“There’s a very real history of, [not only the UN], but police departments and governments concealing sexual violence, not taking allegations seriously, or even perpetrating it in a war,” Allen said. “I thought it was a great kind of intersectional work that reminded us again, our condemnation of sexual violence and sexual abuse should be universal.”
Allen went on to say that he thought the account may have been trying to platform what he believes is an underrepresented viewpoint.
“There was a strong sort of political push from supporters of Israel on this issue that did not acknowledge the possible sexual violence and verifiable past sexual violence committed by Israeli soldiers against Palestinians,” he said. “I thought that maybe [the post] was a desire to counterbalance that dominant narrative.”
Travis Phulnauth, who graduated from the University in 2023 and commented in support of the posts, said that he believed MeToo’s comments were effective. He said that he sees the University’s social media bubble as “extremely polarized.”
“The anti-Palestinian rhetoric is often used to shut down, demonize, ‘cancel’ people on campus and make them feel unsafe, as many Islamic students do,” Phulnauth said.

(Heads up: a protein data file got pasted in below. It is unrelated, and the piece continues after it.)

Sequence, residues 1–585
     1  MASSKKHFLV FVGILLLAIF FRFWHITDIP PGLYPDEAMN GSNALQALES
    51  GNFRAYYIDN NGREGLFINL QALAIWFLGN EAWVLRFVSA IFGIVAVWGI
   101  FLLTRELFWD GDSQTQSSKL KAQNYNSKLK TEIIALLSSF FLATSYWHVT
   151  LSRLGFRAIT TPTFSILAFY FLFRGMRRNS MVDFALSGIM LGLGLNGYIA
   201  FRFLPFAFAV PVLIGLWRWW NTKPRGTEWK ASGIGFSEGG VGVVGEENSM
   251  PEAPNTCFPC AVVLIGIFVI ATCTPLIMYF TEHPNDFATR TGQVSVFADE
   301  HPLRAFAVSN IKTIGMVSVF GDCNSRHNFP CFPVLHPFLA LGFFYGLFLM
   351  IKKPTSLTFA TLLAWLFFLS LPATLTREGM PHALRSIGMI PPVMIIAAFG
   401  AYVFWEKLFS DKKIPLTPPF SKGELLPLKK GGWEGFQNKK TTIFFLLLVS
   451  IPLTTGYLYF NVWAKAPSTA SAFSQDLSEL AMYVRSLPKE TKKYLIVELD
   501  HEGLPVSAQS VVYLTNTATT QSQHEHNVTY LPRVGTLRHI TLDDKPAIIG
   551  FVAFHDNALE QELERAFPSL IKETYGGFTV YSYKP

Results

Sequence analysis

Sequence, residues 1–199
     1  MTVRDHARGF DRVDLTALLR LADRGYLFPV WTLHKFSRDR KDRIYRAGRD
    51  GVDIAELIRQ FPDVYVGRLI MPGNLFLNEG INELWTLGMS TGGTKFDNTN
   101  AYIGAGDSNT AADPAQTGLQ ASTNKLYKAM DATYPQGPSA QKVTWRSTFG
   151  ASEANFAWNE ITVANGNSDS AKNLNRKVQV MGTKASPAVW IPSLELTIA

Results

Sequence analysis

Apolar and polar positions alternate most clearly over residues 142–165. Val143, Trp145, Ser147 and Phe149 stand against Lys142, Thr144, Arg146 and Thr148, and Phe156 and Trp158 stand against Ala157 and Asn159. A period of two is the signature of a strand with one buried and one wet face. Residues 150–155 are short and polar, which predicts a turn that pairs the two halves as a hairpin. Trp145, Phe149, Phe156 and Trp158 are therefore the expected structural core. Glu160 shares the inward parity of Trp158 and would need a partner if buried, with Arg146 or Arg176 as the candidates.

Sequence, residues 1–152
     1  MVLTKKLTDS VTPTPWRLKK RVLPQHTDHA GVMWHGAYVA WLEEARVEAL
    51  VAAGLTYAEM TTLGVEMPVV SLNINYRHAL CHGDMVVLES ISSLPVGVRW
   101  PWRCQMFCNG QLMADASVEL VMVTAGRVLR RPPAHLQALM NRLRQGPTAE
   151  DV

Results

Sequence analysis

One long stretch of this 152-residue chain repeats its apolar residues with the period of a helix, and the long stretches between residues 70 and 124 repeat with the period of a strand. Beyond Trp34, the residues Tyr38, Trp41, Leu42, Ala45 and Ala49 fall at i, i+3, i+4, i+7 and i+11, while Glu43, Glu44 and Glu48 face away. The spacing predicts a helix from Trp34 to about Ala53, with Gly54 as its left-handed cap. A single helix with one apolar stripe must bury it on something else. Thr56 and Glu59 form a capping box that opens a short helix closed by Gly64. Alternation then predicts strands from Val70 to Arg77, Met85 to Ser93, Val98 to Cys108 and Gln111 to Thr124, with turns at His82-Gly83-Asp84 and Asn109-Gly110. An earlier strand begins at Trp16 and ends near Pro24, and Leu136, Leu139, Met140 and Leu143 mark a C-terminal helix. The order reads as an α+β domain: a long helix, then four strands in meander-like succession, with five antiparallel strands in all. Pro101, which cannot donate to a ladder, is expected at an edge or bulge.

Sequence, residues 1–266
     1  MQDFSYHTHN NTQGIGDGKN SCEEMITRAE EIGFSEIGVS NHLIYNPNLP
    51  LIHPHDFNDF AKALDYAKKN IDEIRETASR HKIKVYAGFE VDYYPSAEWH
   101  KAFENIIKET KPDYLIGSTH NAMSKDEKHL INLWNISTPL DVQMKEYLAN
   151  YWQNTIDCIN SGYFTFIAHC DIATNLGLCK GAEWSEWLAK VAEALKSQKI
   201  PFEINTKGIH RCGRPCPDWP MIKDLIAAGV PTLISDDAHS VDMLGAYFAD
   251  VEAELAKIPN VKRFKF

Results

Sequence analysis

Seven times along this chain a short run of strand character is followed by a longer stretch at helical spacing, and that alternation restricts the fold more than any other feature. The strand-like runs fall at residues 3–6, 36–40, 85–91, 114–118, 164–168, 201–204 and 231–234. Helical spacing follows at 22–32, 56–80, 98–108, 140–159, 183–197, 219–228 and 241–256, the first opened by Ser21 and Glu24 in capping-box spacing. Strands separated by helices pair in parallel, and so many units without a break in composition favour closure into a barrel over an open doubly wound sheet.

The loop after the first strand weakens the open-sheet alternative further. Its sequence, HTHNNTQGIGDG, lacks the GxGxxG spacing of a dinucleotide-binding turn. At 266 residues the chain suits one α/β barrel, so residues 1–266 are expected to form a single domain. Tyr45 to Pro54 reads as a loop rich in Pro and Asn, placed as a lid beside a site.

Some commenters took issue with the post’s statements about Israel, saying that the account should not be making overarching statements about the creation of the country.
Steinbach said that contention with the post’s comments regarding Israel are unproductive and that people should not conflate critiques of Israel with antisemitism.
“I think that a lot of young Jewish people, a lot of Zionists, are programmed to believe that criticisms of the foundation of the state of Israel are criticisms to their personhood as Jewish people, and I just don’t think that’s true,” they said.
Kanner took issue with the terminology that the account used to describe Israel’s state practices.
“You can post about Gaza and civilian deaths and say that there should not be a war happening right now [but] there has to be a better way to address this without denying Jewish indigeneity to the land,” she said.
Steinbach added that they thought people who critiqued the posts were uncomfortable with discussing anything that could disparage Israel.
“I think that those people were upset probably because for them, this conversation is more comfortable when it only highlights the losses and traumas of people on the side that personally affects them,” they said.
Allen said he views MeToo’s post as one that focused on true solidarity across survivors.
“One of the great pains of everything that’s happened since Oct. 7 is observing how people start splitting universal values of safety and protection into exclusive categories,” Allen said. “I thought what they were doing was trying to remind us of the need for solidarity across the lines, the need for true condemnation and advocacy against sexual violence.”
Platt said that she has thought a lot about how to carry out intersectional activism when engaging with relationship and sexual violence prevention work.
“I have not figured out the answer of, ‘how do you do this work and support everyone,’” she said. “I also acknowledge that I don’t think that they’ve done that either.”